NIU Football Team Reports For Practice

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With most of the 2017 Northern Illinois University football team enrolled in summer school and on campus since mid-June, 102 Huskies officially “reported” for 2017 preseason practices Monday.

The Huskies take the field for the first time Tuesday morning at 5:30 a.m. (CT) in the first of four practices over the first two weeks that will be held in the early morning hours due to summer school classes.

“We’re ready to get started,” Carey said.  “The team has been here working out all summer and they want to play football. The coaches are ready to get on the field with these players and work. It’s always exciting when you’re starting a new season with a clean slate and you have competition at every position.”

NIU returns 50 letterwinners and 15 starters off the 2016 team that won four of its last five games to finish 5-7 on the year. NIU returns eight players who started at least six games on defense, including 2015 All-American cornerback Shawun Lurry (W. Palm Beach, Fla./W.T. Dwyer), a Jim Thorpe Award and Bronko Nagurski Trophy watch-lister, who spent much of last season banged up.

Up front, senior defensive tackle William Lee (Indianapolis, Ind./Arsenal Tech) has started 28 of the 40 games he has played in his Huskie career, while defensive end Josh Corcoran (Lakeville, Minn./Lakeville South) ranked second on the team in tackles for loss with seven as a sophomore in 2016. 

Bobby Jones IV (Miami Gardens, Fla./Monsignor Pace) leads a young linebacking corps that features just one other senior (Alex Schwab) and one junior (Jawuan Johnson) to go with nine underclassmen.    

The Huskies’ 5-3 record in the Mid-American Conference a year ago came despite starting four different players at quarterback during the year due to injury for the second season in a row. NIU opens 2017 with a quarterback question as three players came out of spring practices in position to win the starting job. The most experienced among those is redshirt junior Ryan Graham (Wheaton, Ill./Wheaton Warrenville South), with eight starts in 18 appearances over the last two years. Redshirt sophomore Daniel Santacaterina (Geneva, Ill./Geneva) closed out the 2016 campaign with a win over Kent State in his first career start as he played in the final three games of the season, while redshirt freshman Marcus Childers (Adairsville, Ga./Adairsville) came on strong late in spring ball to enter the fray.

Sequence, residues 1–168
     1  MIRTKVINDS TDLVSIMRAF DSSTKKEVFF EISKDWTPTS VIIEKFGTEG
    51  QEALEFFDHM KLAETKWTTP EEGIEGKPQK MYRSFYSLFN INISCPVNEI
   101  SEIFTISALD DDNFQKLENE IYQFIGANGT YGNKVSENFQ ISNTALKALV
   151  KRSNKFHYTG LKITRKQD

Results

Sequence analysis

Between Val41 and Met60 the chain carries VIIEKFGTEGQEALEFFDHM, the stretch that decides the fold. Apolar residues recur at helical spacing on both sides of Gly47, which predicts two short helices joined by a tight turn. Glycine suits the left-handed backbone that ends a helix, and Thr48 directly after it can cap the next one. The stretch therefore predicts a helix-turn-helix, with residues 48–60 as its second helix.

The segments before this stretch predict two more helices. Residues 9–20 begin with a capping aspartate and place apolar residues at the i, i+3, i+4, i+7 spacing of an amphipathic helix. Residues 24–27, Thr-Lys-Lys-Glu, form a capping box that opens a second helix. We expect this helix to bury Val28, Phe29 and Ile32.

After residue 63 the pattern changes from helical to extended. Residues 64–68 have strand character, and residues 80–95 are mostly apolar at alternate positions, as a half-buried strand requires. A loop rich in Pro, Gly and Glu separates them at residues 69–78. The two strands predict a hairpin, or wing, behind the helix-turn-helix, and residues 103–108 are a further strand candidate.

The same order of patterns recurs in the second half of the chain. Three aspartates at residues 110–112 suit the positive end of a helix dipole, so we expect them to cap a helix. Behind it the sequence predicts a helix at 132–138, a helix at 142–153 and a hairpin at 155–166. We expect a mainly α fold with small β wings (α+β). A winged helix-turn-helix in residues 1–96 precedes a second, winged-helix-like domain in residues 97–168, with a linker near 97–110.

“We’ve been 11-5 in the league with five different quarterbacks over the last two years,” Carey said. “It’s not bad but it’s not what we want.  We’re going to do what we do and tackle it one day at a time.  Santacaterina and Ryan Graham have both started games for us, and Marcus Childers got into the mix coming out of spring.  I want one guy to take it.  Would you like that to happen in August, sure.  Will it, I don’t know.

The offensive line returns three starters off the group that tied for the national lead in fewest sacks allowed, giving up just eight on the year.  Junior Max Scharping (Green Bay, Wis./Southwest HS) moves from right to left tackle, Luke Shively (Tipton, Ind./Tipton) returns for his second season under center and Jordan Steckler (Two Rivers, Wis./Two Rivers) fills one of the guard spots.

Senior Jordan Huff (Mobile, Ala./St. Paul’s Episcopal) is the Huskies’ most experienced returning running back and has averaged an impressive 6.9 yards per carry on 206 totes in 37 games during his NIU career. 

The receiving corps features the return of Chad Beebe (Aurora, Ill./Aurora Christian) for his senior season, along with returning, and experienced, upperclassmen Christian Blake (Ft. Lauderdale, Fla./Cardinal Gibbons), D.J. Brown (North Little Rock, Ark./North Little Rock) and Ezra Saffold (W. Palm Beach, Fla./W.T. Dwyer).  

Carey, who ranks fourth all-time at NIU in coaching victories, begins his fifth season at the helm of the Huskie program with a “back to basics” approach as the Huskies focus on improving each day and meeting the expectations the team itself has set.

“Last year wasn’t good enough and we have no qualms about saying that,” Carey said.  “Now, can we learn from that? We have a lot of guys coming back that have played a lot of football here. That doesn’t guarantee success, all it does is give you an opportunity.  I think maybe out of some of the situations that happened last year, we played even more guys [than usual].  There’s good competition and that’s part of what it takes to become a good football team.”

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